The world’s biggest investors say the rout that erased $1 trillion from the value of global equities after President Barack Obama was re-elected overlooks the fact that the world economy is improving while U.S. leaders start discussions that may avoid the so-called fiscal cliff.
Money managers at firms overseeing more than $8 trillion said investor concern that the U.S. economy will slow as Obama and Congress fail to avert $607 billion in tax increases and spending cuts next year are overblown. U.S. stocks had the biggest weekly decline since June while yields on Treasuries fell to two-month lows and gold advanced the most since September.
From jobs to housing, and from consumer confidence to international trade, U.S. data show the world’s largest economy is strengthening. In China, the second-largest, exports rose about 10 percent in both October and September from a year before, up from gains of less than 3 percent the prior two months. Companies worldwide from the most creditworthy to the neediest are borrowing in capital markets at the second-fastest pace on record and at the cheapest rates ever.
“It’s astonishing that now the market is turning so quickly and we don’t understand that,” said Bettina Mueller, a money manager in Frankfurt at Deutsche Bank AG’s DWS Investments unit, which oversees about $350 billion. “Our expectation regarding the fiscal cliff is that both sides will come to a compromise.”
The carnage was widespread. The MSCI All-Country World Index of stocks fell 2.55 percent in the three days after the Nov. 6 vote. In the U.S., the Standard & Poor’s 500 Index slid 3.4 percent.
Investors retreating from riskier assets pushed the yield on the benchmark 10-year Treasury to 1.61 percent from 1.75 percent. The Dollar Index, which measures the greenback against six major trading partners, jumped to a two-month high. Gold futures for December delivery reached $1,730.90 an ounce.
Money managers with the most at stake said they are increasing holdings of securities that benefit from expanding economies instead of preparing for another U.S.-led recession.
“What the American people are looking for is cooperation,” Obama said at the White House on Nov. 9 in his first public remarks on the budget and deficit since winning re- election Nov. 6. “They’re looking for consensus. They’re looking for common sense. Most of all, they want action.”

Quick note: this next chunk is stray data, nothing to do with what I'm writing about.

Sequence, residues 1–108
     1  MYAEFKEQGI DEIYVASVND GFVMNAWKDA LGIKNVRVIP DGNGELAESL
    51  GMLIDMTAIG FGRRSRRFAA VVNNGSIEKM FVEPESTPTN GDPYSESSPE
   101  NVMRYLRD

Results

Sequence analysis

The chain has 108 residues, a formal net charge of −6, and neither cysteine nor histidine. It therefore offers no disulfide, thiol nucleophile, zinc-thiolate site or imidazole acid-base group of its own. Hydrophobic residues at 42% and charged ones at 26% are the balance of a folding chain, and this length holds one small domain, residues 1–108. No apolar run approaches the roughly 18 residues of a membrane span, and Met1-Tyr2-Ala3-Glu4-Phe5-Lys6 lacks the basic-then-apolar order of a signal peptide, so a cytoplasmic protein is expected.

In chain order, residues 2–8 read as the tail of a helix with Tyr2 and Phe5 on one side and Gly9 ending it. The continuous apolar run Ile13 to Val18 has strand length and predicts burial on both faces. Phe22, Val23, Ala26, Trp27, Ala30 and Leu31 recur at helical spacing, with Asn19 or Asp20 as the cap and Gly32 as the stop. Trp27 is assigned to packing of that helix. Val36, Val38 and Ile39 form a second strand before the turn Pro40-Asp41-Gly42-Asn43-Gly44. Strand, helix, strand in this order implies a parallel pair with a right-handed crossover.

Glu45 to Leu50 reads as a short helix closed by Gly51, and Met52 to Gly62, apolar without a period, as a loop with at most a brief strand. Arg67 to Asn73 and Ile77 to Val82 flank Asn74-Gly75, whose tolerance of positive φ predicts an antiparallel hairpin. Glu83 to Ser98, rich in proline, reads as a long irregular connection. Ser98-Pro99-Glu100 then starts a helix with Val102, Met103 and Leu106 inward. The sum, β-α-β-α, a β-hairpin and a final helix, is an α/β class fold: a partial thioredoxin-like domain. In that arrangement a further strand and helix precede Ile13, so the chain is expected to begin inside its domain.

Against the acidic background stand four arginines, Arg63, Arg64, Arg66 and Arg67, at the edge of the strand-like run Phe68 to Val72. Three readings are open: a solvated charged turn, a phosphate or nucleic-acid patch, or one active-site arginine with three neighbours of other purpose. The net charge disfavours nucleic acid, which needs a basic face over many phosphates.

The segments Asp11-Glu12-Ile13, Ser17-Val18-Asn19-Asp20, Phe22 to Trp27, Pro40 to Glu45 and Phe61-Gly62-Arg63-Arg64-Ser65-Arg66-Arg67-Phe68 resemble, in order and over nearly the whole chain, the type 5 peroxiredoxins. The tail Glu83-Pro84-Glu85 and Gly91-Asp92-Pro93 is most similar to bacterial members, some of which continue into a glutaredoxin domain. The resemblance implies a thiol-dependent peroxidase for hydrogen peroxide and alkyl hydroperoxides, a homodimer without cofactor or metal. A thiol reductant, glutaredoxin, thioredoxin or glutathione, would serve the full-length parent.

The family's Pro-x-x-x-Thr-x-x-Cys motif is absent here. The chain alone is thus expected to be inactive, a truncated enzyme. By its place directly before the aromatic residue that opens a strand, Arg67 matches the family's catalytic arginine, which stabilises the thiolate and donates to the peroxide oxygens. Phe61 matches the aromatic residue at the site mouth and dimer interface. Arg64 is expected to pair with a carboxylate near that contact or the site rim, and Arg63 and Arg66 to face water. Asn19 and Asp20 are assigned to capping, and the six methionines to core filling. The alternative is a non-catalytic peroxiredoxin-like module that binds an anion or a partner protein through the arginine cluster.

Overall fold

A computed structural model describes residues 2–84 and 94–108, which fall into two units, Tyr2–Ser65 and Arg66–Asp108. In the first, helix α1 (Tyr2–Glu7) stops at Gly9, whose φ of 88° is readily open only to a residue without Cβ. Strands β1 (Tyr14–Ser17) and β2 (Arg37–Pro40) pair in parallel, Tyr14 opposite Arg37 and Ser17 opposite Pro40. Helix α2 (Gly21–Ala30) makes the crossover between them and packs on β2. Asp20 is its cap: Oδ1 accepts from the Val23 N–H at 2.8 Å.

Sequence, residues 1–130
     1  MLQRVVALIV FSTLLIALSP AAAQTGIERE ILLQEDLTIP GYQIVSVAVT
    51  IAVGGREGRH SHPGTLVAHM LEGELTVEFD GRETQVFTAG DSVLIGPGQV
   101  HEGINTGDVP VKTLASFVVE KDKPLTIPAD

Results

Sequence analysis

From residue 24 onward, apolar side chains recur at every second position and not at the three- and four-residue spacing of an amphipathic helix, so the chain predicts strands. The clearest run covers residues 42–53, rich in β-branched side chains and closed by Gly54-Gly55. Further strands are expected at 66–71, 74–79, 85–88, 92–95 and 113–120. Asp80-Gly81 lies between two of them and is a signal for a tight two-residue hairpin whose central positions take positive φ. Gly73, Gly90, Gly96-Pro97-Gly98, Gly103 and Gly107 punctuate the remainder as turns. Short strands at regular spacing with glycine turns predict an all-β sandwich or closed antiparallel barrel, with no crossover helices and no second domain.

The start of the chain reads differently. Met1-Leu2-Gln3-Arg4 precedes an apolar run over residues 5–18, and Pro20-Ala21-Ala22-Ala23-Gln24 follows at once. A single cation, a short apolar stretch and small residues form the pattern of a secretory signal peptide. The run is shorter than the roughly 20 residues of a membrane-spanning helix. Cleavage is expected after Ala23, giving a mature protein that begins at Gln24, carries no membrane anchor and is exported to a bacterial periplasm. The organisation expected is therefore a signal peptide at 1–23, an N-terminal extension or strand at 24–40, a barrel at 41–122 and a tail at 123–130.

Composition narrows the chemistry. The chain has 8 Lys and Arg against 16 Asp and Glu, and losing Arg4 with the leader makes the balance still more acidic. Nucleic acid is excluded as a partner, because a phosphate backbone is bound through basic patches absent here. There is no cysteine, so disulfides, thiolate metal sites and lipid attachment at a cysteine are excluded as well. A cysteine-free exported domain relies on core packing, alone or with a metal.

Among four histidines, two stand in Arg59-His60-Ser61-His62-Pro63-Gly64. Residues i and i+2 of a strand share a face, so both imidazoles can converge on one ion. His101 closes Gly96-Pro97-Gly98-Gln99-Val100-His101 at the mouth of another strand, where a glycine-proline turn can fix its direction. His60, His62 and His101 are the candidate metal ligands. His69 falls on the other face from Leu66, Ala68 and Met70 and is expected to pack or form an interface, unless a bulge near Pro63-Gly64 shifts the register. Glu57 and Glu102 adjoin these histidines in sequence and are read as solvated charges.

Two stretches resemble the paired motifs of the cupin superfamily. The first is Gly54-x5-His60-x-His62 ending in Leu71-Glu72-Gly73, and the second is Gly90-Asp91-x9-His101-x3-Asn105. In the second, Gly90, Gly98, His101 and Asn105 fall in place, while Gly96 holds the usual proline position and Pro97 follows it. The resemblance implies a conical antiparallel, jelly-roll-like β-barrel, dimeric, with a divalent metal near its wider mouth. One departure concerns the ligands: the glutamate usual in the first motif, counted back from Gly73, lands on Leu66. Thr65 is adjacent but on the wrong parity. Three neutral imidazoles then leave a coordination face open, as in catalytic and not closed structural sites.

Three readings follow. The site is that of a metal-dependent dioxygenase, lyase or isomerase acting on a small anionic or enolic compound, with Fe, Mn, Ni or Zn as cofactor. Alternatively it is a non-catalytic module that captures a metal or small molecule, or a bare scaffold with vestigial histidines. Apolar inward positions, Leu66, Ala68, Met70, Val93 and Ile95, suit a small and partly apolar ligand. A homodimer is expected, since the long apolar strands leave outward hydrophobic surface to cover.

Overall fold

Pacific Investment Management Co., which manages $1.92 trillion including the world’s largest bond fund, sees as much as a 70 percent chance that U.S. lawmakers will compromise to avoid the spending cuts and tax increases.
“No one in their right mind would push our country into recession,” Mohamed El-Erian, the chief executive officer of Newport Beach, California-based Pimco, said Nov. 9 in a radio interview on “Bloomberg Surveillance” with Tom Keene and Ken Prewitt. “The major issue for us is not that we resolve the fiscal cliff but do we do it in a way that allows Washington to pivot to turning headwinds into tailwinds.”
The biggest holdings in Pimco’s flagship fund, the $281 billion Total Return Fund, are mortgage and related securities, which make up 47 percent of assets, according to a Nov. 9 report on the firm’s website.
BlackRock Inc., world’s biggest asset manager with about $3.55 trillion, favors corporate bonds and dividend-paying stocks, according to Jeffrey Rosenberg, the New York-based firm’s chief investment strategist for fixed income.
“If we get through” the fiscal cliff “and we see the clarity that there won’t be the very extreme downside for markets, then we have a very good outlook following that,” Rosenberg said at Bloomberg’s Portfolio Manager Mash-Up conference in New York on Nov. 8. “We’re still in this environment of persistent low interest rates.”
DWS cut its holdings of Treasuries to “underweight” from “neutral” after the election on speculation the rally was “overdone,” Mueller said. Treasury 10-year yields will likely rise to 2.32 percent by the end of next year, according to the median estimate of more than 80 economists and strategist surveyed by Bloomberg News.
The dollar was little changed at $1.2714 per euro as of 8:32 a.m. London time. Standard & Poor’s 500 Index futures added 0.2 percent. U.S. cash bond markets are closed for the Veteran’s Day public holiday.
Axa Investment Managers, which oversees the equivalent of $382 billion from London, favors lower-rated investment-grade and speculative-grade corporate bonds.
“We’re in for a period of volatility but in the end some agreement will be reached because reaching one is good politics,” Chris Iggo, Axa’s chief investment officer for fixed-income, said in a Nov. 9 interview.
Stock analysts predict gains next year for U.S. equities. The S&P 500 will rise about 14 percent to 1,585 by the end of 2013 as earnings climb about 5 percent to $106.24 a share, according to forecasts from 15 Wall Street strategists tracked by Bloomberg.
The estimates imply a price earnings multiple of 14.9, about 9 percent below the average valuation since the 1950s, according to data compiled by Bloomberg.
“We’re not selling stocks here,” Paul Zemsky, the New York-based head of asset allocation for ING Investment Management, which oversees $170 billion, said in a Nov. 9 telephone interview. “Assuming we get some sort of compromise on the fiscal cliff issue, fundamentals are pretty good and stocks are not expensive.”
Markets were whipsawed immediately after Obama defeated Mitt Romney. The election left the split between Democrats and Republicans largely intact, which is the worst possible outcome because it gives both sides room to claim “a mandate for their policies,” according to Barclays Plc strategist Barry Knapp in New York.
After being declared winner in Florida on Nov. 10, four days after securing a second term, Obama’s electoral vote count rose to 332, compared with Romney’s 206. A total of 270 was needed to take the presidency.
While Obama will meet Nov. 16 with House Speaker John Boehner, Senate Majority Leader Harry Reid, Senate Republican leader Mitch McConnell and House Democratic leader Nancy Pelosi, to avert another budget showdown, the Congressional Budget Office said Nov. 8 that the tax increases and spending cuts may trigger a recession. The changes would cause gross domestic product to contract 0.5 percent in 2013 and push unemployment to 9.1 percent from 7.9 percent in October.